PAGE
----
He takes a staggered step back, and tries to explain himself, I can see him starting to come to a revelation.
“I am the- the hero. Hero’s are warriors, and warriors kill all the time. I’m just doing what every hero does.”
“No you’re not.”
He looks up at me with a face that is pleading to tell him differently, and I can’t help but see a small, scared boy, a boy that probably has never been allowed to grow up. Well, it’s time to grow up, William.
“Warriors were made to protect long before they were made to attack. They were made to protect the village from wild beasts and predators, not other people. You are not a warrior, Wiliam, nor a hero. People are not afraid of the hero because they know the hero would never hurt them on purpose.”
I can see it that he’s starting to break down, and I think I have a chance to turn this whole thing around. One thing I know is how to talk. I can’t pick up a sword or shoot an arrow, but I can talk, that’s for sure. Although, I’ll have to do it quickly, because I can hear the siege army’s steps getting louder.
“In my world, in my time, there’s a saying that says your life begins the day it nearly ended. That can mean something different to a lot of people. It can be scraping your knee, losing a loved one, or taking a shot to the chest that’s an inch too close to your heart. But, what it means overall, is that the day your life nearly ended, fate failed to get rid of you.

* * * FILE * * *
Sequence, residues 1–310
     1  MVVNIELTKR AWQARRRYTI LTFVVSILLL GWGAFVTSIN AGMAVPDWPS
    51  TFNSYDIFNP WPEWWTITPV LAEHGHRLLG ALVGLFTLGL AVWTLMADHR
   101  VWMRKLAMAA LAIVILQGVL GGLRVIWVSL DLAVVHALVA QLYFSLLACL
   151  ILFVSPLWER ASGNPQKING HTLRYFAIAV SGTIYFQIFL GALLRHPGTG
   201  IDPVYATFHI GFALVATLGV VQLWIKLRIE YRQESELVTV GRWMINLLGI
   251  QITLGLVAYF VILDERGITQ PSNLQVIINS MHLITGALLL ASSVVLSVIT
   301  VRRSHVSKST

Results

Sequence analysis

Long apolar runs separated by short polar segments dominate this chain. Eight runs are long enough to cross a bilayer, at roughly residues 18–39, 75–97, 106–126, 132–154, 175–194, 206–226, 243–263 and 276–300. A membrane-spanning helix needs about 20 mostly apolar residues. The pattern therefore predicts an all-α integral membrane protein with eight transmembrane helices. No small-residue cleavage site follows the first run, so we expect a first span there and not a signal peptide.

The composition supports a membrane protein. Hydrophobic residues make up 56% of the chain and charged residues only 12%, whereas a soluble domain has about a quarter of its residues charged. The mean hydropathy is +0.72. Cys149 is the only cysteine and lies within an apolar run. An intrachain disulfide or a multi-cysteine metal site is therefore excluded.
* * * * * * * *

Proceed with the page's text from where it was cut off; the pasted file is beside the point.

“Fate no longer decides your path, your life is yours now. The path you take is your own, and it has to be one you chose. Your life just started, and the great thing about paths is that you can change them whenever. I don’t know you exactly, but I’m pretty sure you’ve just had your life nearly end before your own eyes.
“So, the next move is yours, the path you take is up to you. Your mom, fate, and destiny can’t decide things for you anymore. I know you can’t call that army off, but you can fight it, like every hero in every book you’ve ever read. Sometimes we can see the future, but that never means it’s indefinite. We can change it. I have to ask, what future are you going to fight for?”
As he turns to face me, his face slowly melts into one of a decision set in stone. You know what, I think we’re gonna be alright. I think we can make it through this, as long as we all choose to fight for our future.